The story behind ... 'Christmas Wrapping' by The Waitresses
Is there a song from the '80s that better represents the ups and downs of the holiday season better than Christmas Wrapping by The Waitresses?
Probably not, which is why it's the latest "story behind" blog item for a Sunday. For the record, the excellent website Songfacts.com has the total and complete story behind the song, thanks to an extensive interview with the tune's author.
It was Chris Butler, the founder/songwriter/guitarist of The Waitresses, who wrote the tune. The title was a play off of a 1979 song Christmas Rappin' by Kurtis Blow.
"It was a joke on it, of course," Chris told Songfacts. "... Plus, I liked the idea of the word 'wrap,' like a wraparound, because the story is circular. It wraps up backward at the end. So I was double-punning, but it was kind of appropriate."
The group was under pressure by their label ZE records to create a holiday song, but Chris was a self-admitted "scrooge" who found the task daunting.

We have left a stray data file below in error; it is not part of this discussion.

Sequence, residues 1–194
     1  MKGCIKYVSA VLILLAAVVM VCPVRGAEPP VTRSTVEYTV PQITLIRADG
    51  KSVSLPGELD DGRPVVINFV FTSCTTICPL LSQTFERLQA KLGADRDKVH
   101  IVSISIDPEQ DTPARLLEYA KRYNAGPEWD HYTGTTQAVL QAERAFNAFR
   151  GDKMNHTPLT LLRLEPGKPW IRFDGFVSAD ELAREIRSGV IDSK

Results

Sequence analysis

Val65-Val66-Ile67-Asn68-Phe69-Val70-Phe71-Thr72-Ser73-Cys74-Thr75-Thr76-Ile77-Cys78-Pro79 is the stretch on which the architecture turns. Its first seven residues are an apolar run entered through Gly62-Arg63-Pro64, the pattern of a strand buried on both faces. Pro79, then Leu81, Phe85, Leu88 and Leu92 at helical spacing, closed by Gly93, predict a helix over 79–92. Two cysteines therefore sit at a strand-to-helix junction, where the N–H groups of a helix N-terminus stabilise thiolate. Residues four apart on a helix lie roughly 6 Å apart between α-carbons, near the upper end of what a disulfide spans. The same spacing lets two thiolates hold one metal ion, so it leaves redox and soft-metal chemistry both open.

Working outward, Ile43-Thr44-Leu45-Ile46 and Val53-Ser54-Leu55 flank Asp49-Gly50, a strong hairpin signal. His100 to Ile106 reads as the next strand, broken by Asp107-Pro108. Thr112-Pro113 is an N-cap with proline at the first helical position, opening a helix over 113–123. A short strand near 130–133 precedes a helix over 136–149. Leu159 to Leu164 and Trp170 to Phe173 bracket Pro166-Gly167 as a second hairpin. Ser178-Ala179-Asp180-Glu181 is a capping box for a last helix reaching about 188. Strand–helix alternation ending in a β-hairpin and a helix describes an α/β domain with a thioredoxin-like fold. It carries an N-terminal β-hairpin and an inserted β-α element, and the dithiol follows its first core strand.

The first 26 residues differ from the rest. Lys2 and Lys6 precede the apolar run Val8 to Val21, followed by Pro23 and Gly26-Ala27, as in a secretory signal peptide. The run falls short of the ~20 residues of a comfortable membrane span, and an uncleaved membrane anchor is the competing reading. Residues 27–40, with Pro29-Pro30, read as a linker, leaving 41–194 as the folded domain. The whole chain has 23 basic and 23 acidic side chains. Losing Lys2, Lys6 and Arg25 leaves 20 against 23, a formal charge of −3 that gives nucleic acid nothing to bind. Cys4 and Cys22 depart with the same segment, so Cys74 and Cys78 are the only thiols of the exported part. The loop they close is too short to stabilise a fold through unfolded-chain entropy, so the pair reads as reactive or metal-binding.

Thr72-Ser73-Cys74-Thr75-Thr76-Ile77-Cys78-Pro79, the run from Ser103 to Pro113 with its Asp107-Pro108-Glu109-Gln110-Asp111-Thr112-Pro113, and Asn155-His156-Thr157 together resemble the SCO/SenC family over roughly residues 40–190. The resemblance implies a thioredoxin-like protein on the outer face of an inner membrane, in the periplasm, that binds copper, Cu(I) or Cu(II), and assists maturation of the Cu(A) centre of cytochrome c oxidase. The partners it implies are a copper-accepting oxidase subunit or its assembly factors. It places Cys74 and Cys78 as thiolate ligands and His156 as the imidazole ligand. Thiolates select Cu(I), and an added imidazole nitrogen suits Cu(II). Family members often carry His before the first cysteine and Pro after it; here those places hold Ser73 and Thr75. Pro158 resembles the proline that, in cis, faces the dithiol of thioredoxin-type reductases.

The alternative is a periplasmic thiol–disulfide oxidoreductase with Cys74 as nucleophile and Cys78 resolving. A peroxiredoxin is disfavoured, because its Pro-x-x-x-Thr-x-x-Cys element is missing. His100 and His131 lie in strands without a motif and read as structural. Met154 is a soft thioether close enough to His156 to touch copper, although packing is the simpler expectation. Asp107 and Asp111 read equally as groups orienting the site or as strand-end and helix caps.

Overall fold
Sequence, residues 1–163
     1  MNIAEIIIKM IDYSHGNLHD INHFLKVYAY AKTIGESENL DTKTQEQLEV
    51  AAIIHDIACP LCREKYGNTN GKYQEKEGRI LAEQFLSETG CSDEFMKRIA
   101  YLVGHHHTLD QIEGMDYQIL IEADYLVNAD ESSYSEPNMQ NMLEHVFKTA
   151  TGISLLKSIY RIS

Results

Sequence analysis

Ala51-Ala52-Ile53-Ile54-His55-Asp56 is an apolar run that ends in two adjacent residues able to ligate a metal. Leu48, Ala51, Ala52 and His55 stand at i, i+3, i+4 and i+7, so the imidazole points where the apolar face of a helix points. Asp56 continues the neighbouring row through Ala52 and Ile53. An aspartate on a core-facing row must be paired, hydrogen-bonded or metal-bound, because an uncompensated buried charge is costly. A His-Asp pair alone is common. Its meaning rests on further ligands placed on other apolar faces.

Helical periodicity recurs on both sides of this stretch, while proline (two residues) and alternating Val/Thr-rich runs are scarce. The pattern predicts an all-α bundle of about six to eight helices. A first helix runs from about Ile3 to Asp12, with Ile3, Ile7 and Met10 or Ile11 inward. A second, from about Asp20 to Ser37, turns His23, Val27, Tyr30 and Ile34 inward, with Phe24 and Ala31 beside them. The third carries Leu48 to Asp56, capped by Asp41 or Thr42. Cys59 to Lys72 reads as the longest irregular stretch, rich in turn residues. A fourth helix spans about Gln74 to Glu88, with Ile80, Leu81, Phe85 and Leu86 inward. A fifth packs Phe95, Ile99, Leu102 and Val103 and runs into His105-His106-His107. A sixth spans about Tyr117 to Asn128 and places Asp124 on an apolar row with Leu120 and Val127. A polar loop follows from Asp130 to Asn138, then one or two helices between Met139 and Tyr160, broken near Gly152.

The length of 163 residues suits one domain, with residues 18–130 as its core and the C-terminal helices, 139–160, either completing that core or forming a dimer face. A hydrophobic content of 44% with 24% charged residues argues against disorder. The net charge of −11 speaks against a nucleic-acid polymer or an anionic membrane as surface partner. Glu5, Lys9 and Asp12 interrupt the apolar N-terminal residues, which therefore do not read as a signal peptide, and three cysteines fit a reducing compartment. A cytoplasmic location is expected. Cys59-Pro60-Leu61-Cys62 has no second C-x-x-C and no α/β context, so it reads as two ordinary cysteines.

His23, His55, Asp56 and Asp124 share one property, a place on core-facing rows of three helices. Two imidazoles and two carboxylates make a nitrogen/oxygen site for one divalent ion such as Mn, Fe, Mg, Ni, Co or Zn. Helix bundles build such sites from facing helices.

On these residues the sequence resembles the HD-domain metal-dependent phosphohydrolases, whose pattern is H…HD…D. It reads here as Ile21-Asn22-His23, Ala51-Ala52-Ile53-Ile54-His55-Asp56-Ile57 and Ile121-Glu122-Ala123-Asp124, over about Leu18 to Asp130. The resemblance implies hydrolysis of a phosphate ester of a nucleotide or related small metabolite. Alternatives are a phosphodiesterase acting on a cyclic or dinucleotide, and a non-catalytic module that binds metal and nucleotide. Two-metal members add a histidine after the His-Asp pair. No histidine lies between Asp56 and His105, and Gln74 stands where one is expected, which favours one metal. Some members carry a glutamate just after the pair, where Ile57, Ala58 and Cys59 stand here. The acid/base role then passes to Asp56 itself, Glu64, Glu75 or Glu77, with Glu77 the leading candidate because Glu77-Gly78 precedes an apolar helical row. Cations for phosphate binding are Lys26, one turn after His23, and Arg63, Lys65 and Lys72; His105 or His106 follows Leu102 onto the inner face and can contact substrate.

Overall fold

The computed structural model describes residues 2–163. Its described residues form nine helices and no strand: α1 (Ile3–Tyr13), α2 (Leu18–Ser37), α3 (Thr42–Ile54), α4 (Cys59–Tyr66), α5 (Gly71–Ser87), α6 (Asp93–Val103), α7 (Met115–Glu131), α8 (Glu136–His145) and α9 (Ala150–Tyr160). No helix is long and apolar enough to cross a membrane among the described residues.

First of all, the request for the song came in July with a deadline of August - not exactly a yuletide time of year.
"At the time, I was Scrooge," Chris told Songfacts. "Some friends who knew me well had a T-shirt made for me that says, 'Jump, George Bailey, jump.' I still have it."
Still, with scraps of previous songs, Chris managed to piece together the story of a woman who meets a guy at a ski shop and gets his phone number. As the year drags on, the pair keep missing out of opportunities to make a date. Finally, while planning a Christmas meal alone, she runs into him at a grocery store, where he too is shopping for a meal for one.
Ta-dah. Magic, right?
Chris admits the story is influenced by Christmases that he himself suffered through alone. One small change: The grocery store he had in mind was actually a chain called Smiler's, but he decided that "A&P" worked better for the lyrics.
The final, released song didn't make a dent in the charts in its first year. Subsequent re-issues allowed it to gradually grow more and more popular over the years. Critics have generally heaped praise on the song's charm, and fellow musicians have rerecorded it as well.
"I am genuinely, genuinely touched by the fact that the song has stuck to the culture," Chris told Songfacts. "It was done quickly and we had fun doing it, but it was such an afterthought that we thought, Okay, done, forget it."